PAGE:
About the Team


The University of Southern Mississippi (USM) is a comprehensive public research institution delivering transformative programs on campuses in Hattiesburg and Long Beach, at teaching and research sites in central and southern Mississippi, as well as online. Founded in 1910, USM is one of only 131 universities in the nation to earn the Carnegie Classification of Institutions of Higher Education’s "R1: Doctoral Universities – Very high research activity” designation, and its robust research enterprise includes experts in ocean science and engineering, polymer science and engineering, and large event venue safety and security, among others. USM is also one of only 37 institutions in the nation accredited in theatre, art and design, dance and music. As an economic driver, USM generates an annual economic impact of more than $600 million across the state. USM welcomes a diverse student body of more than 14,000, representing 71 countries, all 50 states, and every county in Mississippi. USM students have collected four Truman Scholarships and 36 National Science Foundation Graduate Research Fellowships, while also leading Mississippi with 24 Goldwater Scholarships, an honor that recognizes the next generation of great research scientists. Home to the Golden Eagles, USM competes in 17 Division I sports sponsored by the National Collegiate Athletic Association (NCAA). For more information, visit usm.edu.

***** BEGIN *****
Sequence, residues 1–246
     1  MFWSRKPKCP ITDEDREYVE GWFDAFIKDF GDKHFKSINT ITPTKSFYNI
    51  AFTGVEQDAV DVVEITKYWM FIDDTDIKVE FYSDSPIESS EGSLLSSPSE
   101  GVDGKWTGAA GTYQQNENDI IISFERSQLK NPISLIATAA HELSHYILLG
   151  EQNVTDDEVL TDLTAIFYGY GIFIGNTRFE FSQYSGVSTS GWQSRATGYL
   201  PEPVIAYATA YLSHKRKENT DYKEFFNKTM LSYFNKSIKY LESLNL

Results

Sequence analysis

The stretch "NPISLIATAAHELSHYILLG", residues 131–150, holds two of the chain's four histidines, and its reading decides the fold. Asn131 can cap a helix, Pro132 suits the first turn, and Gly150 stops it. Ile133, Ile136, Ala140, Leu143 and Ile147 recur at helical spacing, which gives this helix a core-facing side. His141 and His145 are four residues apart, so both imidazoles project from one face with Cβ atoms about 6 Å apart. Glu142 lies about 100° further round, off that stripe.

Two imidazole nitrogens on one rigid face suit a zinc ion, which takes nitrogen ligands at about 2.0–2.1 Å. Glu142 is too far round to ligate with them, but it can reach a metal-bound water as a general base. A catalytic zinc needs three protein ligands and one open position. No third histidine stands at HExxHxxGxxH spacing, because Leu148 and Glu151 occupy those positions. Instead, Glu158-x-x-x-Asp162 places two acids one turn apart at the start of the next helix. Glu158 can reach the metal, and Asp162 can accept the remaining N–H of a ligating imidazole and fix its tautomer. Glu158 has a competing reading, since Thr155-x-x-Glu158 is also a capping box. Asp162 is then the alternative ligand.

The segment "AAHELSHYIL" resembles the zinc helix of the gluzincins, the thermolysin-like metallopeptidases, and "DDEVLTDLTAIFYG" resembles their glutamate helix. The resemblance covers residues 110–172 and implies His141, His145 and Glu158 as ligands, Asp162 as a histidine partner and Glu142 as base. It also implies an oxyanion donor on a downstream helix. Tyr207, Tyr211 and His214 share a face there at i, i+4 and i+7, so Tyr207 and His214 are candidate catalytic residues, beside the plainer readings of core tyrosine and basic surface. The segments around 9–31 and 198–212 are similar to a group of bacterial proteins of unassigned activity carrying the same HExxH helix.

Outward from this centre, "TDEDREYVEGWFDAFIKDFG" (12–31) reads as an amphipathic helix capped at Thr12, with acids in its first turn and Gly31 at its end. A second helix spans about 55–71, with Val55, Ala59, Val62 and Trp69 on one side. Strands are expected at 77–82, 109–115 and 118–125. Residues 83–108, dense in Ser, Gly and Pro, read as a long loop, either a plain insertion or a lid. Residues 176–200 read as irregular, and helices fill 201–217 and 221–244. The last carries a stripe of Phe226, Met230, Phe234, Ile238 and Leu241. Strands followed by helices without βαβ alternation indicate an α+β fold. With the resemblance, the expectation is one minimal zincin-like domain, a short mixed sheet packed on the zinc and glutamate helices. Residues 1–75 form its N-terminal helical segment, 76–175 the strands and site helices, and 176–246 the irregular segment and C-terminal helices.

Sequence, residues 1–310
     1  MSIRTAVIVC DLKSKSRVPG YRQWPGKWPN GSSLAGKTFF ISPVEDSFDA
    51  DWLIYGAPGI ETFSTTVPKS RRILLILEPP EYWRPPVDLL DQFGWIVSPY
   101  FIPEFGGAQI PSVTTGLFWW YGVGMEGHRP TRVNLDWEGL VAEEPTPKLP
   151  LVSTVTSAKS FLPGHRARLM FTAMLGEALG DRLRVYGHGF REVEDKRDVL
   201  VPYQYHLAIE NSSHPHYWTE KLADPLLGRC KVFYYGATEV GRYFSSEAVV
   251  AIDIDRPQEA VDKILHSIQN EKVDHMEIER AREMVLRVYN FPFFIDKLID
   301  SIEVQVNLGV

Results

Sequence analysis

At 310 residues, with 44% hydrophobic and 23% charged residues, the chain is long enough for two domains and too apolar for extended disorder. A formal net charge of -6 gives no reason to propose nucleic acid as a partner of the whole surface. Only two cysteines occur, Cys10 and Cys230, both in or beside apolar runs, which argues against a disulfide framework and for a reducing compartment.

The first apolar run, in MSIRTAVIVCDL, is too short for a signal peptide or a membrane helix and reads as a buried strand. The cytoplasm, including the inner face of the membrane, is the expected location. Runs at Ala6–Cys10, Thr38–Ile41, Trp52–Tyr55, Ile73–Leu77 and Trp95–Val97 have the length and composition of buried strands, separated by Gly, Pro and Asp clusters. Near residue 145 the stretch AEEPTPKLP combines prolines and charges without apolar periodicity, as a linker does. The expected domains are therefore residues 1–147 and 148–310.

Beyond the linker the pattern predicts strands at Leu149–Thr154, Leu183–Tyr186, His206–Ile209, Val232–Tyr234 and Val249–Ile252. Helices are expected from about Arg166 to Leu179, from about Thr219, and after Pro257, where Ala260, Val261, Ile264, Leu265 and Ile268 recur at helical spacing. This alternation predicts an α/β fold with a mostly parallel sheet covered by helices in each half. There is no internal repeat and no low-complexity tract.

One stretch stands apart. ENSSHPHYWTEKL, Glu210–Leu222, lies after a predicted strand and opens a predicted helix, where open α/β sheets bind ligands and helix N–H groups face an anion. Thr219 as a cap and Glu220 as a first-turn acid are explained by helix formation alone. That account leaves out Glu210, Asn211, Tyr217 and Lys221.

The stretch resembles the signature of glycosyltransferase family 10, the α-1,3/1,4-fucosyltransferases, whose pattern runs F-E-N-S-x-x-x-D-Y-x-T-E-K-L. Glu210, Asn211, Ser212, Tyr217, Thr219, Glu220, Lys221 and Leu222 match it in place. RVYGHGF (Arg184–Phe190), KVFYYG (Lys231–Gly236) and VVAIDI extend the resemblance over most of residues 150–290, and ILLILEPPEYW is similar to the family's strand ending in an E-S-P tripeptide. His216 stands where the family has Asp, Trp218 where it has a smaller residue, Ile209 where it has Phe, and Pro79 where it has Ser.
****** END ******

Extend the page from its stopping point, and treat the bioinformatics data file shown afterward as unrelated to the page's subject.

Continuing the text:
Integral’s mission is to apply science and engineering expertise across a wide range of public and private enterprises to identify technically sound and cost-effective solutions to complex problems. Our experienced and dedicated team of professionals and support staff are recognized experts in ocean sciences and engineering. Our scientists pursue state-of-the-science approaches to better characterize and understand dynamics and stressors in coastal and open oceans and waterways, and thus to support informed decisions and management practices. Integral’s company culture promotes technical achievement and quality, and we strive to find scientifically sound solutions for our clients.

L3Harris | ASV the leading Unmanned Surface Vessel (USV) and autonomous vessel control systems supplier to the defense, oil and gas, scientific, and survey industries having supplied over 125 systems and optionally manned vessel conversions worldwide. Our team of highly skilled software, electrical, and robotics engineers with extensive real-world experience using ASV’s at sea has developed and optimized the ASView™ control system which features a collision and grounding avoidance system to detect and avoid hazards above and below the waterline during all operational conditions with resultant maneuvers and indicators that are compliant with international maritime regulations (e.g. 72 COLREGS, rules 11-19). Our solutions are capable of executing a variety of mission maneuvers based situational awareness information, and support a range of autonomous, adaptive behaviors through sensor feedback.

The Gulf of Mexico Coastal Ocean Observing System is a 501(c)3 organization responsible for developing a network of business leaders, marine scientists, resource managers, non-governmental organizations and other stakeholder groups that combine their data to provide timely information about our oceans — similar to the information gathered by the National Weather Service to develop weather forecasts. GOOCS covers the coastal and ocean waters of Texas, Louisiana, Mississippi, Alabama and Florida, collecting thousands of data points from sensors and ensuring the data are reliable, timely, accurate and available to all who need it. GCOOS is the only NOAA-certified observing organization focused solely on the Gulf of Mexico and is a regional association of the U.S. Integrated Ocean Observing System (IOOS).